Universal Use DMCA Takedown To Pull Marginally Negative Drake Review

More shocking Universal fuckery, via Techdirt:

We keep talking about how the DMCA takedown process, all too frequently, is used to stifle speech, and defenders of the system claim that it's ridiculous to bring up the First Amendment in a discussion on copyright. But here's yet another (in a very long list) of examples. Henry Adaso wrote a short, but marginally negative review of Drake's album Take Care. The review was posted to About.com last November. The entire review reads:

Drake - 'Take Care'

A briefly entertaining, occasionally ponderous, sometimes lazy, sometimes brilliant, slow-rolling, rap-singy, bulls-eye missing, kitten-friendly, runway-ready, mega corny, lip-smacking, self-conscious, self-correcting, self-indulging, finely tuned, Houston infatuated, crowd pleasing, delightfully weird, emotionally raw, limp, wet, innocuous, cute, plush, brooding, musical, whimsical, exotic, pensive, V-necked, quasi-American, strutting, doting, cloying, safe alternative to sleeping pills.

Best Song: "Lord Knows"

Release Date: November 15, 2011Not particularly positive, but not particularly scathing either. He also posted another post on About.com that merely pointed to that review, but included no additional content other than that he wrote a 50-word review.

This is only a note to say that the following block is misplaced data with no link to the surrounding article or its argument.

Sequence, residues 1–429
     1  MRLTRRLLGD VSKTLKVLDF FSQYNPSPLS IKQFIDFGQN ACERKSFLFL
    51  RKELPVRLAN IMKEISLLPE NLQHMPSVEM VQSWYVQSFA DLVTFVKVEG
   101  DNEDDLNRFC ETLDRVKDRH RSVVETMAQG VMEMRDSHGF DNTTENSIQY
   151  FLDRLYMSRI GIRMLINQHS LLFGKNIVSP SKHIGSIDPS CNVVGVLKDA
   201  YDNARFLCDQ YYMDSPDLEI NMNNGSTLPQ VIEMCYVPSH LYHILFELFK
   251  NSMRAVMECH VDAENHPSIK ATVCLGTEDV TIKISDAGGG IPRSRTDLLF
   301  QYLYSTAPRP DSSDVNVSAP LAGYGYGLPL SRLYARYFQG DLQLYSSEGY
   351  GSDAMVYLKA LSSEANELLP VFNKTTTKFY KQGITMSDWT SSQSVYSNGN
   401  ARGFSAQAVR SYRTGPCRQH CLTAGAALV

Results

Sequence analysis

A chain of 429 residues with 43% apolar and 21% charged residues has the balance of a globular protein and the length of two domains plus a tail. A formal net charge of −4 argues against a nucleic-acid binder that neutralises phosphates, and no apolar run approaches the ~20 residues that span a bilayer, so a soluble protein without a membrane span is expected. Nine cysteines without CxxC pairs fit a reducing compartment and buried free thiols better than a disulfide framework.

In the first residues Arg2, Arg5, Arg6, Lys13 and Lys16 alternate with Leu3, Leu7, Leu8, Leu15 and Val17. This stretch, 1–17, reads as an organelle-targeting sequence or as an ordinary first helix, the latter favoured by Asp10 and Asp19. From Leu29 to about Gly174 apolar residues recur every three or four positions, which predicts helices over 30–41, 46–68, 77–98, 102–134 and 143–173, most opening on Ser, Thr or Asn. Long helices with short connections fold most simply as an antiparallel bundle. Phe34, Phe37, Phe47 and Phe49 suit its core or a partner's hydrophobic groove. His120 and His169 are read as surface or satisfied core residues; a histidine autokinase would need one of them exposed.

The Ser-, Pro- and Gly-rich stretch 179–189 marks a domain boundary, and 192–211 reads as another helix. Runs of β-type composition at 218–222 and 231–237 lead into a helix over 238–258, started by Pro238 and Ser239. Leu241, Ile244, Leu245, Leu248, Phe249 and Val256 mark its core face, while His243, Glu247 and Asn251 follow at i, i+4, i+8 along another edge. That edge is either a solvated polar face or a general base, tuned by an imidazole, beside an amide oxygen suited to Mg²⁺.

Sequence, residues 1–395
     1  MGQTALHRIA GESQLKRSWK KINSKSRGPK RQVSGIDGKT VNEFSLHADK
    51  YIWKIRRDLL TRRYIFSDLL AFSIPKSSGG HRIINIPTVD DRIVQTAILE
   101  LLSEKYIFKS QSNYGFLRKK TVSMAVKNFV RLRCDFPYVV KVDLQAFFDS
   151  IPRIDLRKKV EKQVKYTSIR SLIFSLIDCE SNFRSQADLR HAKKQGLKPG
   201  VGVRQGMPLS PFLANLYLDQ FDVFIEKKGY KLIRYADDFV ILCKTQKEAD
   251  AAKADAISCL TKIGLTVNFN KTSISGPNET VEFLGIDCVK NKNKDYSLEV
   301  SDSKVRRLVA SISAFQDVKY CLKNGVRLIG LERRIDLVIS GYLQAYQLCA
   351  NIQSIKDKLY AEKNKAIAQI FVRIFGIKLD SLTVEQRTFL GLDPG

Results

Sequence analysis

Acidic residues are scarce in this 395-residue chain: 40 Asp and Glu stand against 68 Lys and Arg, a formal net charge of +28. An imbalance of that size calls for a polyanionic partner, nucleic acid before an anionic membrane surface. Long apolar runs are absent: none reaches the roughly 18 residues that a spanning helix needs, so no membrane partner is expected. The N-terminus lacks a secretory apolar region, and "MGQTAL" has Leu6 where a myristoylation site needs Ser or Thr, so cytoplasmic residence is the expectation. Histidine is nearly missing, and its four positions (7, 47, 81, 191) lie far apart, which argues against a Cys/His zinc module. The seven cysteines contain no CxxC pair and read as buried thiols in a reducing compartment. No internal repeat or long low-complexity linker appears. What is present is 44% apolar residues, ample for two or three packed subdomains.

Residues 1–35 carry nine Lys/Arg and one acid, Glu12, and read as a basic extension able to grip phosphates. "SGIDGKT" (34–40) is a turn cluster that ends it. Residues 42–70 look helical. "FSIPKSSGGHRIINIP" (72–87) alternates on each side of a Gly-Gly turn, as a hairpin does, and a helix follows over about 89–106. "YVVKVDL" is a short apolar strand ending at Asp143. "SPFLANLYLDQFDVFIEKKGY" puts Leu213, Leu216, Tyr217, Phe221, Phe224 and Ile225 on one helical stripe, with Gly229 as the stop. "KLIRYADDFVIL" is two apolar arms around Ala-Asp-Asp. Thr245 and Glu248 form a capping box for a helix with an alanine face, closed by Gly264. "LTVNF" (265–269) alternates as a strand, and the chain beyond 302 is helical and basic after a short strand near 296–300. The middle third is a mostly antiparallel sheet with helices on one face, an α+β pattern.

Either way, both of those links are gone from Google's search. Why? Because just as someone filed a bogus DMCA to take down one of our key SOPA posts, Universal Music, via the BPI (British RIAA) filed a DMCA notice with Google claiming that both of those pages were infringing. That's clearly a false takedown, and pretty clearly designed to stifle a negative review.

Adaso discusses all of this in his own blog post, in which he suggests that perhaps Universal and BMI are purposely trying to take down negative reviews, though it's equally likely that they're just incredibly incompetent. Still, whether incompetence or malice, it's clear that the DMCA is being used to censor and stifle speech, and in this case it just so happens to be speech in the form of a negative review of a Universal Music Artist (a Universal Music artist who has alsoexpressed displeasure with how Universal has used copyright law against his own best interests).

But, no, there's no free speech concerns around the DMCA, right?